When someone has a heart attack, chances are very good that that person had at least one, and probably several, primary risk factors. Most heart attacks are caused by atherosclerosis, or narrowing of the arteries.
Arteries get clogged with fatty substances in our diet, most notably LDL cholesterol and triglycerides. A high-fat diet, high cholesterol, high blood pressure and lack of exercise can all lead to that fatty plaque building up on the inner lining of the arteries, the vessels that supply blood to the heart. When platelets, the blood's clotting agents, get stuck to this plaque, a blood clot can develop and block blood flow to the heart muscle. Deprived of oxygen, heart cells start to die. That's a heart attack.
This is preventable. Even people with a genetic disposition to heart disease can make dietary and lifestyle changes that help keep their hearts healthy. But what about people who have no genetic tendency toward heart disease, eat low-fat diets, get their vegetables, exercise daily and don't smoke? What about when those people have heart attacks?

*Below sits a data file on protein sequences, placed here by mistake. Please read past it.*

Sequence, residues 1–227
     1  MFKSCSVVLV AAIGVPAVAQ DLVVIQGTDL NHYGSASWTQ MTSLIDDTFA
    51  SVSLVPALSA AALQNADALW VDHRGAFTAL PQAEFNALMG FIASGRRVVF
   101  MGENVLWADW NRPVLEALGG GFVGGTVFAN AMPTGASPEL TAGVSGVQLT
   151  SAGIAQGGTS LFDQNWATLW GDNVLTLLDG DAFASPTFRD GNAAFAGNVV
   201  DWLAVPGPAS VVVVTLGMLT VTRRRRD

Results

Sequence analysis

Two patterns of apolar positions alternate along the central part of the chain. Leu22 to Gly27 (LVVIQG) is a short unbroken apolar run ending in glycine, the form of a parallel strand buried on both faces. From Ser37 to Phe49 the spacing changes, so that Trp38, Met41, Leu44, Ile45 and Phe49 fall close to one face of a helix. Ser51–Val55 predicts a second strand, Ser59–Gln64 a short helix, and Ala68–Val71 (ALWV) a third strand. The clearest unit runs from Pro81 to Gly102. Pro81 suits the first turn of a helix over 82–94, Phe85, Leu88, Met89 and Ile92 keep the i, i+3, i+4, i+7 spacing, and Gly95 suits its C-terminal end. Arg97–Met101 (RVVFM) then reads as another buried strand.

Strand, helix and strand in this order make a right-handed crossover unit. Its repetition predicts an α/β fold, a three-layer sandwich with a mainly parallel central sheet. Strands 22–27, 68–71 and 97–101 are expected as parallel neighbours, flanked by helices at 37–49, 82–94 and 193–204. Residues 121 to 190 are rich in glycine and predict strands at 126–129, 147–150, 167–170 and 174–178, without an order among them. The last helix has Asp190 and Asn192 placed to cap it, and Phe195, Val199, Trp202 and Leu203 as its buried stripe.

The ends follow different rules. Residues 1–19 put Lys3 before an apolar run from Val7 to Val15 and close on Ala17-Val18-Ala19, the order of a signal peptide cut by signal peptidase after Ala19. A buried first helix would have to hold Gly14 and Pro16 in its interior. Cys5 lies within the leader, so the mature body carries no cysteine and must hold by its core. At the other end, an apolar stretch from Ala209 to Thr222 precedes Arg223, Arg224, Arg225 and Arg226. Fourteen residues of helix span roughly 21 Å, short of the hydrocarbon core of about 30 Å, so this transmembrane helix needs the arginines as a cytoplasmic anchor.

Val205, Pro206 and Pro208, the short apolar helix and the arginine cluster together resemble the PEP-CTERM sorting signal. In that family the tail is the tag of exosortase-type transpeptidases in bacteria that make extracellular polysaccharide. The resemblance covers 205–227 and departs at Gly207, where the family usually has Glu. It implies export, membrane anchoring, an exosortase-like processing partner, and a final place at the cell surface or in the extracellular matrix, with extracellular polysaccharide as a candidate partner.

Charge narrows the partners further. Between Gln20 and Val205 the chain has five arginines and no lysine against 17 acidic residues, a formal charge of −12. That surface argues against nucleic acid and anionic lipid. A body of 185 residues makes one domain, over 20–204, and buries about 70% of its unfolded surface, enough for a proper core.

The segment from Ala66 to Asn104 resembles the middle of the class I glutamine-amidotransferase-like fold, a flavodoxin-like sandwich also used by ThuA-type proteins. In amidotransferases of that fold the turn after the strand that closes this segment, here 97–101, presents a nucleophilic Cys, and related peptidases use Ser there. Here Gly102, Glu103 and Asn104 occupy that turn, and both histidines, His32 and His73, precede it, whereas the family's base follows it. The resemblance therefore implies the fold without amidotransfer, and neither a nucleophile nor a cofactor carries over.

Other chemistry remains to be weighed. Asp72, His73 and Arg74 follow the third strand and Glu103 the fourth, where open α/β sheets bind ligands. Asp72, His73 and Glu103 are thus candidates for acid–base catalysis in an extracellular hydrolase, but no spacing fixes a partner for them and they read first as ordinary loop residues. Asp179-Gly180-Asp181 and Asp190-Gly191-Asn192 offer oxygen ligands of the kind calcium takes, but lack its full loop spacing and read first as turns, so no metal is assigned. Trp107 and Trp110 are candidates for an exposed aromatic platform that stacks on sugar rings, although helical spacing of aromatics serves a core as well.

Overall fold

It's rare, but it does happen. Two of the primary causes of heart attack in a seemingly healthy heart are blood clots and coronary artery spasms. Both can lead to a blockage of blood flow to the heart. If a blood clot goes untreated for too long, or if a coronary artery spasm lasts long enough, a potentially fatal heart attack can result.
In this article, we'll take a look at these two potential causes of heart attack in an otherwise healthy heart. We don't really know why coronary artery spasms occur, although doctors have some good guesses; but we do know what causes blood clots, so those are probably easier to prevent.